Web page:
Bubble chart using Python

Bubble chart is one of the powerful and useful chart for representing data with three or four dimensions.

The position of the bubble is determined by the x & y axis values. These are the first two properties.

The size of the bubble can be controlled by the third property.

The colour of the bubble can be controlled by the fourth property.

A Sample program to create a bubble chart using the python library matplotlib is given below.

import matplotlib.pyplot as plot
import numpy as npy

# create some dummy data using numpy random function.
# Bubble charts are used to represent data with three or four dimensions.
# X axis can represent one property, Y can represent another property,
# The bubble size can represent another properly, the color of the bubble can represent another property.

x = npy.random.rand(50)
y = npy.random.rand(50)
z = npy.random.rand(50)
colors = npy.random.rand(50)
# use the scatter function
plot.scatter(x, y, s=z * 1000, c=colors)
plot.show()

Here we are generating some random data using numpy and plotting the bubble chart using matplotlib.

A sample output is given below.

bubblechart

Bubble Chart using Python

 

Switch Case Statements in Python

Switch case statements are very popular conditional control statements in almost all programming languages. But surprisingly this is not available in python.

Question: Is there any switch case statements in python ?

Answer: The direct answer is NO

Alternative options for switch case statements in python

Option 1: Using If – elif – else statements. An example is given below.

if case == "case1":
    execute_func_case1()
elif case == "case2":
    execute_func_case2()
elif case == "case3":
    execute_func_case3()
else:
    execute_default_func()

Wow. Excellent.  The above code looks good right ?. It works exactly like switch-case statements, then why need switch-case statements in Python ?

Have you noticed a problem ?. The above if-elif-else conditions are fine as long as we have less number of cases. Imagine the situation with 10 or more elif conditions. Now you got the problem right ?.

Lets try the second option

Option 2: Using List in Python as an alternative to switch case statements

An example is given below.

def add(a, b):
    return a + b

def sub(a, b):
    return a-b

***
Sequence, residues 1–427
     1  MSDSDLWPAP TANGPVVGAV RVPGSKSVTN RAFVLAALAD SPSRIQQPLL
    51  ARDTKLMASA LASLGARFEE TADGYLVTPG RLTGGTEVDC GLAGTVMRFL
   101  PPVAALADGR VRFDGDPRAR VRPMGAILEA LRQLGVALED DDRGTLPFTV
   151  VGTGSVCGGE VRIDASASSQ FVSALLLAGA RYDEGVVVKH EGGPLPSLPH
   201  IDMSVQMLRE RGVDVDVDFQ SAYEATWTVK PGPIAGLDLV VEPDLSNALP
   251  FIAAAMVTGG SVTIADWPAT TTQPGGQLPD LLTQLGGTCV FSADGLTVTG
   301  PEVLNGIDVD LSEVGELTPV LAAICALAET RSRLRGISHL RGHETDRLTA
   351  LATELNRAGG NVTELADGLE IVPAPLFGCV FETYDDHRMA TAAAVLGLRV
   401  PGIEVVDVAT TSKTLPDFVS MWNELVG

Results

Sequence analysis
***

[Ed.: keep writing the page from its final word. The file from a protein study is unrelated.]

case_funcs = [add, sub]

case_funcs[0](1, 2)
case_funcs[1](1, 2)

 

In the above program, we don’t have to use if-elif-else blocks, instead, we can call using the position or index of the list and call the function. This looks better than the previous option right ?. But what about the default case ?. Also what if someone types an option greater than the size of the list ?. It will throw exception and there is no way to handle default case.

Option 3: Using Dictionary as alternative to switch case statements in python

An example is given below.

def add(a, b):
    return a + b

def sub(a, b):
    return a-b

case_funcs = {'sum':add, 'subtract':sub}

case_funcs['sum'](1,2)

 

Here the implementation is much similar to the switch case statement. We use a key to identify or route to the required case or function. The keys can be anything and are not limited by the indices or positions.

Now lets talk about the drawbacks of the above implementation. The above method will throw KeyError if we pass an unknown key. Also there is no default case statement. How will we handle these problems?

Check the below program

def add(a, b):
    return a + b

def sub(a, b):
    return a-b

def default(a, b):
    return "Default Return"

case_funcs = {'sum':add, 'subtract':sub}

# sum is the key for the add(). 
# default is the default function that gets called for non existent keys
# (1, 2) are the arguments for the function
print(case_funcs.get('sum',default)(1,2))

 

Python dictionary has a get() method that returns the value based on the key. This has one more feature. We can configure a default value for non-existent keys. Wow now we got the solution.

So by using this feature, we can implement the switch-case like feature in python.

Stream Processing Framework in Python – Faust

I was looking for a highly scalable streaming framework in python. I was using spark streaming till now for reading data from streams with heavy through puts. But somehow I felt spark a little heavy as the minimum system requirement is high.

Last day I was researching on this and found one framework called Faust. I started exploring the framework and my initial impression is very good.

This framework is capable of running in distributed way. So we can run the same program in multiple machines. This will enhance the performance.

I tried executing the sample program present in their website and it worked properly. The same program is pasted below. I have used CDH Kafka 4.1.0. The program worked seamlessly.

To execute the program, I have used the following command.

python sample_faust.py worker -l info

The above program reads the data from Kafka and prints the message. This framework is not just about reading messages in parallel from streaming sources. This has integrations with an embedded key-value data store RockDB. This is opensourced by Facebook and is written in C++.

Merge two dictionaries in Python

This is the simplest way to merge or combine two dictionaries in python. This operation in supported in python version above 3.5.

 

Sample Output

{'p': 2, 'q': 4, 'r': 6, 's':8}

How to convert a csv file to json file ?

Sometimes we may get dataset in csv format and need to be converted to json format.  We can achieve this conversion by multiple approaches. One of the approaches is detailed below. The following program helps you to convert csv file into multiline json file.  Based on your requirement, you can modify the field names and reuse this program.

The sample input is give below.